The number of people in Scotland’s prisons has risen to more than 8,000.
There were 8178 inmates on an average day in 2011-2012, an increase of four percent on the previous year.
This is despite the country’s prisons network being designed to hold only 7840 people on an average day.
The gender breakdown saw men increase by four percent to 7710 and women by eight percent to 468.
The figures, released by the Scottish Government’s Chief Statistician, indicated numbers will increase in the coming years.
Official projections predict that the annual average of prisoners will reach 8300 by 2012-2013 and 9500 by 2020-2021.
The total sentenced population has increased by three percent. The rise over the last 12 months has been attributed to an 11% increase in adult remand inmates and a four percent climb in adult direct-sentenced prisoners.
There are also five percent more life prisoners and three percent more recalled inmates.
However, over the same period, the young offender population dropped by eight percent to 556 daily.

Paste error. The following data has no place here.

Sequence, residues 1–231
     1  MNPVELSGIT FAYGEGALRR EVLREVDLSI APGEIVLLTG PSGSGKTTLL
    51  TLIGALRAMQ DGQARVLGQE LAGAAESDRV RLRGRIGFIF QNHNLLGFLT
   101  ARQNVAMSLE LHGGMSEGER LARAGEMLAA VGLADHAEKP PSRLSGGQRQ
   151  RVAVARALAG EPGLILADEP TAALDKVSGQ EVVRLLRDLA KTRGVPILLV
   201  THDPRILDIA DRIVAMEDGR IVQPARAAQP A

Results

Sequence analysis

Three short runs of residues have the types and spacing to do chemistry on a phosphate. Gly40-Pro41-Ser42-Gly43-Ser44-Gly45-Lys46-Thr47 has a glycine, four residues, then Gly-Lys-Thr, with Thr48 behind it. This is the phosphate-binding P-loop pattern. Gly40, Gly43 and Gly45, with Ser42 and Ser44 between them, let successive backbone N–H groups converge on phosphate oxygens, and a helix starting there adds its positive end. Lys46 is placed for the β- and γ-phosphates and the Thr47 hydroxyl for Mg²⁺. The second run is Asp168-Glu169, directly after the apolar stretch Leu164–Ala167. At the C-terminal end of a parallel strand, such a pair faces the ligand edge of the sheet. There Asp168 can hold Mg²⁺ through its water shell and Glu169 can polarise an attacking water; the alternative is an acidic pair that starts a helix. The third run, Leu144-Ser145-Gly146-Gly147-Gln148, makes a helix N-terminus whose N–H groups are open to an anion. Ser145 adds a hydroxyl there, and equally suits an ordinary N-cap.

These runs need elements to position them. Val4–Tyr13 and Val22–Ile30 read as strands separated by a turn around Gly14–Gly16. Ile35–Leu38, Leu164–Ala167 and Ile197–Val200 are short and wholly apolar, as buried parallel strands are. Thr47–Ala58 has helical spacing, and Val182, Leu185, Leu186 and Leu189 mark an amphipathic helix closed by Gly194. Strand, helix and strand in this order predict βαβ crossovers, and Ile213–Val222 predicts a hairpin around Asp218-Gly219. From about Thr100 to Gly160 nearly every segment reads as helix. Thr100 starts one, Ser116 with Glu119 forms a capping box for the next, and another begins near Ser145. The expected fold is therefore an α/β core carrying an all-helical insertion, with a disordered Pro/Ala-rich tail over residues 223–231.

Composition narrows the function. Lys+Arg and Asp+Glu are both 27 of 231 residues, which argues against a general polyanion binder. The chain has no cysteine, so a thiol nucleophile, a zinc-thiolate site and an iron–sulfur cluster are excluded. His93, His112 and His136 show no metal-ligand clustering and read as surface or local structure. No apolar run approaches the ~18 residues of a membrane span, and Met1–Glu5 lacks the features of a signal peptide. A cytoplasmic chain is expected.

Justice Secretary Kenny MacAskill said: "These figures confirm what we already know: that without action, the prison population will continue to grow.
"We are clear that prison remains the only place for locking up serious and dangerous criminals and keeping them off our streets but we can't keep packing more and more low-level offenders into our jails and giving them free bed and board."
The Scottish Government is spending record levels on prisons to ease overcrowding, he said.
Earlier this week Mr MacAskill announced that the Scottish Prison Service is to find alternatives to replace Cornton Vale, Scotland's only women's prison.
Closure was recommended in a report on female offending, published in April. Inspection reports have revealed overcrowding and other poor conditions at the jail.